Kauss hustled the way any entrepreneur would, sending samples to magazine editors and anyone she knew, bringing some to her old digs at Harvard Business School. In 2010, HBS became her first customer, buying bottles to give out to all incoming students. A few months later O, the Oprah Magazine wanted to put S’well on its coveted “O list” of recommended products. It asked for more colors to show in the photograph, but the bottles came only in blue. Kauss scrambled, buying a Pantone book and quickly picking a few more hues; versions in multiple colors were born.
The Oprah effect was enormous. Soon SFMOMA’s museum store and New York’s Guggenheim Store came calling, and in 2012, Kauss landed her first big national account, Crate & Barrel, which stocked the bottles for the holiday season. Then began the slow, methodical process of building up accounts: S’well got into J. Crew stores—first just its Crewcuts kids’ division, then the Men’s Store, then all stores in the U.S. Later came Neiman Marcus and Nordstrom. And then: Starbucks.
The coffee giant started small with S’well, stocking them in a limited number of stores in Atlanta and Austin. Without any special signage, they were a hit; baristas were becoming fans and recommending them to customers. Starbucks wrote Kauss about its plans to expand. “The email I got from Starbucks last year—I can’t tell you how many exclamation points were in it,” she says.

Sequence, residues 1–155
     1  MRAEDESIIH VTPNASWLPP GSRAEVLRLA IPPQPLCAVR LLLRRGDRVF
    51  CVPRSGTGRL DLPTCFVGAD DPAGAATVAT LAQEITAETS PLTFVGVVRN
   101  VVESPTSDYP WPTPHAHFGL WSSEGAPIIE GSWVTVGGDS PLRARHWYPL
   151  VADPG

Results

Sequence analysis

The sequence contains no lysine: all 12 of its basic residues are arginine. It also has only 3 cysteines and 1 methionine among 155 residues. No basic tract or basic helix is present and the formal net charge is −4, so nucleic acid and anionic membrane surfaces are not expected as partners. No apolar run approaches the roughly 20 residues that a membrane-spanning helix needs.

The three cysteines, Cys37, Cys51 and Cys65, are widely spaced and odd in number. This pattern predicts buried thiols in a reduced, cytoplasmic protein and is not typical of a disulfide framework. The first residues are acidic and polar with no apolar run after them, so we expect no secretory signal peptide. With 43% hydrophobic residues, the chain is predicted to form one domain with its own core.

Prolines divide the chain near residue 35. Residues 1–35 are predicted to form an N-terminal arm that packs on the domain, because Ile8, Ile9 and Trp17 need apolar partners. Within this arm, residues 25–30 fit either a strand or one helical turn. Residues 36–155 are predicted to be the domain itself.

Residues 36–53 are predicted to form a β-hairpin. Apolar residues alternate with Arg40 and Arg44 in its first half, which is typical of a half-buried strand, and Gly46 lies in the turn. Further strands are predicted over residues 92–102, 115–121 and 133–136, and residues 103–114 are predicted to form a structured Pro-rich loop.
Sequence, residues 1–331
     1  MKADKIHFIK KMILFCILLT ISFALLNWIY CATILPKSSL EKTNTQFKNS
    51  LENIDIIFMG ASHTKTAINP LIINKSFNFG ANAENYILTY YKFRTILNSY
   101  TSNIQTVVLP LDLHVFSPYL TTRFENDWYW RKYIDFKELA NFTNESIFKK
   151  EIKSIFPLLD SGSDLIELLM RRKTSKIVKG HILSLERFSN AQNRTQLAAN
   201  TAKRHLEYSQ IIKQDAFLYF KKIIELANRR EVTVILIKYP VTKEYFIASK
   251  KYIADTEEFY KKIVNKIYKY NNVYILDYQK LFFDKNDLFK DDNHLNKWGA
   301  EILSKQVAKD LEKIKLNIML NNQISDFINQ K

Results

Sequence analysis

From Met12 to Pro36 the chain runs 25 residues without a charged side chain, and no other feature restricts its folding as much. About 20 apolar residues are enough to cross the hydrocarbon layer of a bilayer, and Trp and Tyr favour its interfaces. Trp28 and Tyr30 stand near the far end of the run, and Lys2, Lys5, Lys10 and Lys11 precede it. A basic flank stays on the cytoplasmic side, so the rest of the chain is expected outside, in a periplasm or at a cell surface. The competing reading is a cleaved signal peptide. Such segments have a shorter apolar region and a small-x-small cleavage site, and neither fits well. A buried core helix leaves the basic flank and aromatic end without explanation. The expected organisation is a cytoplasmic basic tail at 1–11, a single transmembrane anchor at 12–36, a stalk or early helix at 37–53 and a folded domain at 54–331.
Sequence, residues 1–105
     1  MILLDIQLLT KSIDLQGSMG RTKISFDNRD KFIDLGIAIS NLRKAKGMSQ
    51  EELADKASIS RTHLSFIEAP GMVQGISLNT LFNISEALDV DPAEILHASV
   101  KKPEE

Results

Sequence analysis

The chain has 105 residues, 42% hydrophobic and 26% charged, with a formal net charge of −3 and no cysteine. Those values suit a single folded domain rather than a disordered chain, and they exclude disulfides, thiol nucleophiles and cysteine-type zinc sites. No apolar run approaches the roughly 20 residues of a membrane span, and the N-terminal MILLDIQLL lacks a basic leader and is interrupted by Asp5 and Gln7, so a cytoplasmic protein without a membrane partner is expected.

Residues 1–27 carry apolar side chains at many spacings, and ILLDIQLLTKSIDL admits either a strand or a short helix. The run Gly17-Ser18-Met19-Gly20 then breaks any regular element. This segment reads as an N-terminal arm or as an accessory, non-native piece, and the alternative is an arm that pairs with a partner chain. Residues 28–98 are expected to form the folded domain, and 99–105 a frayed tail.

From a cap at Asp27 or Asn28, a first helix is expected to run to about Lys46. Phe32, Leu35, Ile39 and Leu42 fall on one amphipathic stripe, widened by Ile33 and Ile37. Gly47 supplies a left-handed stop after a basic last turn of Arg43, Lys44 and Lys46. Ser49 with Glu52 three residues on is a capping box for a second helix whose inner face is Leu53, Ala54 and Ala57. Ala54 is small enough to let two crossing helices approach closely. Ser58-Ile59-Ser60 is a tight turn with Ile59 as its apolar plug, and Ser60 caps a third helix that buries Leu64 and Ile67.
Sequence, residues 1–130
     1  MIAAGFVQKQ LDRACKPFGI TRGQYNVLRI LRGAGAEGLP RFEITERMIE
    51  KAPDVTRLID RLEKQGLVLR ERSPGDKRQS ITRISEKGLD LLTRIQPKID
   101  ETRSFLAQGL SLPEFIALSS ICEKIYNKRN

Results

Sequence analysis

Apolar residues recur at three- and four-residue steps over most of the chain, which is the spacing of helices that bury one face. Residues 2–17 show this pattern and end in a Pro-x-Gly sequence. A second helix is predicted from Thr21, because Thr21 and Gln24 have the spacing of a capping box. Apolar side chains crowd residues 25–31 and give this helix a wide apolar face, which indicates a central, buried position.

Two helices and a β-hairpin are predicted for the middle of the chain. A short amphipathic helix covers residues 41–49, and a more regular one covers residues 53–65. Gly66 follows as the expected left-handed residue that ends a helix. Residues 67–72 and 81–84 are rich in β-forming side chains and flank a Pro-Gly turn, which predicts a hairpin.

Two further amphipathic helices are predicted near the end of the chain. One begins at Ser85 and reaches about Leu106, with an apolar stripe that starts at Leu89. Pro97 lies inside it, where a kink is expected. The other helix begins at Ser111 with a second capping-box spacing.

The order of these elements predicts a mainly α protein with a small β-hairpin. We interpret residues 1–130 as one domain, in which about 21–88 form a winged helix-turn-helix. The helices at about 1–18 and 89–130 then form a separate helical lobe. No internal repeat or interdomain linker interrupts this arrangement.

There has been the requisite celebrity love too. The actor Guy Pearce is a particularly fervent fan. After the blue one he was carrying on set made it into his movie The Rover, he ordered 70 for the cast and crew. Then he put a red one in another movie, Results. “I’m certainly not into product placement for the sake of it,” Pearce tells Fortune, “but I love the bottles and the company’s whole ethos.” Last month the actress Kaley Cuoco from The Big Bang Theory posted an Instagram photo of herself holding up a hot-pink S’well bottle to a horse’s mouth with the hashtag #obsessedwiththisbottle. The photo got 39,000 likes and crashed S’well’s website.
It’s hard to say just why S’well bottles have taken off the way they have. Environmentally friendly water bottles are nothing new, not even double-layered ones. One reason could be their sleek shape—the modern design is influenced by old-fashioned milk bottles—and the colors and patterns the bottles come in. (To date, S’well has put out 96 different designs, from solids to hand-dipped, swirly motifs to a woodgrain line.) The bottles keep liquid cold for 24 hours and hot for 12, and they’re priced more like a fashion accessory: from $25 for nine ounces to $45 for 25 ounces, which holds a whole bottle of wine.
All told, Kauss has sold some 4 million bottles to date, which has earned her the right to be picky. She turned down a big-box discount chain she thought would water down the brand and turned down a certain fast-food chain with conservative values. (“We don’t like what they stand for,” she says.) Next up: Look for more S’well in more Starbucks stores, and don’t be surprised to eventually see non-water-bottle products.
The more pressing project is moving to new digs. With 22 employees, S’well’s current headquarters, in a Manhattan brownstone, are too small. The company is staffing up so quickly that three new people hired in September had to start by working remotely.
The cuckoo clock, Kauss says, is coming with her.
This story is from the October 27, 2014 issue of Fortune.